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2019 ANZAC Day service


On Wednesday 24 April, Trinity held its annual ANZAC Day service. This is a poignant moment in our calendar as many of our graduates have joined the armed services on completing their Trinity journey. We always make two special acknowledgements during our service. The first is the Lone Pine tree which is planted in front of the Trinity Centre and was donated by the Wall Family. This tree was grown from a seed from the original Lone Pine tree that stood at Gallipoli and gave name to the Battle of Lone Pine which took place in 1915. Trinity’s Lone Pine stands as a living reminder of those who have fought and continue to fight to protect us.

The second is the remembrance of Signaller Sean McCarthy. Sean was a student at Trinity and graduated in 2000. He was the sixth Australian soldier to tragically die in Afghanistan in 2008.

Our ANZAC Day service this year had a special focus on the Australian Victorian Cross. The Hall of Valour sits in the centre of the Australian War Memorial in Canberra. It honours those men who have received the Victorian Cross for their actions.

The The Victoria Cross for Australia is the highest award in the Australian Honours System. Prior to 1991, Australia used the British Honours System, and, under this system, the Imperial Victoria Cross was awarded. Only 96 Australian men, from the Boar war in 1900 through to the Vietnam war, have been awarded the Imperial VC. Twenty-eight Australians have been awarded the medal posthumously.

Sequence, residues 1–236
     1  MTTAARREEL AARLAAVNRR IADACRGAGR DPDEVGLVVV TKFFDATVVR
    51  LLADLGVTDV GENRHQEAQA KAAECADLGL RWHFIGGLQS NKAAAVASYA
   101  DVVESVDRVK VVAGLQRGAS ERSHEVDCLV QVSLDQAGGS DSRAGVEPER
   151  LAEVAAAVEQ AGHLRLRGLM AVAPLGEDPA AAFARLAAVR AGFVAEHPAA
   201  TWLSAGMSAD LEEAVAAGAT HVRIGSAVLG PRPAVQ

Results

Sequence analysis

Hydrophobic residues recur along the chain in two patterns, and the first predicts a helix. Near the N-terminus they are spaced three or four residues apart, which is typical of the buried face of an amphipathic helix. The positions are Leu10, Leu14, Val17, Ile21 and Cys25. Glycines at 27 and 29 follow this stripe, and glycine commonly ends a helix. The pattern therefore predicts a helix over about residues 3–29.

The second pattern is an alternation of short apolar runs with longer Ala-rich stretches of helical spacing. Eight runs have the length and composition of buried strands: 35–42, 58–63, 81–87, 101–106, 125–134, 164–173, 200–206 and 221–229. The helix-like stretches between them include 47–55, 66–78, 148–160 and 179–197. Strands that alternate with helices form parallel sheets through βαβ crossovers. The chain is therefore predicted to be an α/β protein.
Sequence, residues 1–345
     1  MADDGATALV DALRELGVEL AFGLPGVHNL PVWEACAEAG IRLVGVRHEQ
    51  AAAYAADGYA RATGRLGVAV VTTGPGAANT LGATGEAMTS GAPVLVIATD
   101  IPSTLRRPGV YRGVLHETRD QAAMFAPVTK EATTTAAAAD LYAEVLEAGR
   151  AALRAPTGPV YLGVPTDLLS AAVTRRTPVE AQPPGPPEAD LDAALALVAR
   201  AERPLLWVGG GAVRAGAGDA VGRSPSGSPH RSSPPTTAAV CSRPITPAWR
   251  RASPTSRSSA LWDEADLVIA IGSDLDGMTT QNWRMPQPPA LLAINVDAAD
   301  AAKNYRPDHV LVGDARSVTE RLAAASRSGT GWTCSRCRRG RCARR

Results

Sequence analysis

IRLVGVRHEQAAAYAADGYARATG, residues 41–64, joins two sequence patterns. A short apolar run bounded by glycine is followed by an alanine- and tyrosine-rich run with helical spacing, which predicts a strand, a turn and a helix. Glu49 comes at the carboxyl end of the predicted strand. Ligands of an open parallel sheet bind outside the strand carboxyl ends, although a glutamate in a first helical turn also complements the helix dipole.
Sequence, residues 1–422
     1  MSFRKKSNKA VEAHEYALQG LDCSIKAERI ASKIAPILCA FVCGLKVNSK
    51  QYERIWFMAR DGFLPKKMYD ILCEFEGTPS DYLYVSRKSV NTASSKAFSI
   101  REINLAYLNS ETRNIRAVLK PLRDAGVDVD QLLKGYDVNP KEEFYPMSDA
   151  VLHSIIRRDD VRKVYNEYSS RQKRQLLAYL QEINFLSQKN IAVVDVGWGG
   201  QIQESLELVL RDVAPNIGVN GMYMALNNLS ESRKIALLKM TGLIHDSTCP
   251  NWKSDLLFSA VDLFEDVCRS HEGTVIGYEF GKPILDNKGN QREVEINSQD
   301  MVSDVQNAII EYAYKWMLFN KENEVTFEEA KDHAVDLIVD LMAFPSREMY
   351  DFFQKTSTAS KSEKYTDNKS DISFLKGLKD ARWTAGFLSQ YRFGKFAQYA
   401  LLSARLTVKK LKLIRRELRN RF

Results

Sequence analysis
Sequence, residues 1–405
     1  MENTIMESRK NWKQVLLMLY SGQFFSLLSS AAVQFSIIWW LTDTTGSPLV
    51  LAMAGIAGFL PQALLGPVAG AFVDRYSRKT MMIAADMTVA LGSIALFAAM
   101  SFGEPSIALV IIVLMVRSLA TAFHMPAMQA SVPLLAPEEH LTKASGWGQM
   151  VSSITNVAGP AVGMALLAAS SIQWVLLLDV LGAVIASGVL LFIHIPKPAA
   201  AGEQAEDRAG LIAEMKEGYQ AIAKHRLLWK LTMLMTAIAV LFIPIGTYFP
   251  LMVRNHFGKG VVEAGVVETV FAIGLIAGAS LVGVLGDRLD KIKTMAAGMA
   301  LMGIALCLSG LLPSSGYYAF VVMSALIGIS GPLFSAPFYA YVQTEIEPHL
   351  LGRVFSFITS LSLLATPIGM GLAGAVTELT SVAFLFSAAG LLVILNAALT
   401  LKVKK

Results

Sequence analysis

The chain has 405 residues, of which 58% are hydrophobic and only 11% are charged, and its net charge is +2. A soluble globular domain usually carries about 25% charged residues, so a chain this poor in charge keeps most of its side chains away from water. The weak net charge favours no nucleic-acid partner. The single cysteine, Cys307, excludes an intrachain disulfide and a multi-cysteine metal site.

The Victoria Cross for Australia takes precedence over all other Australian orders and decorations, except the Imperial Victoria Cross, with which it shares equal precedence. Since 1991, only 4 men have been awarded the Victoria Cross for Australia. All for their action in Afghanistan. It is the heroism of these men that was the focus of our service.

Australian men and women continue to serve in armed conflicts. From Federation to the present day, over 100,000 Australians have lost their lives through armed conflict. Many more thousands have been wounded and the number of Australians who have served abroad in wartime totals over a million. It is vital that we continue to acknowledge and pay respect to these men and women and the sacrifices that they have made for us.

Mr Jason Breese

Head of Year 8



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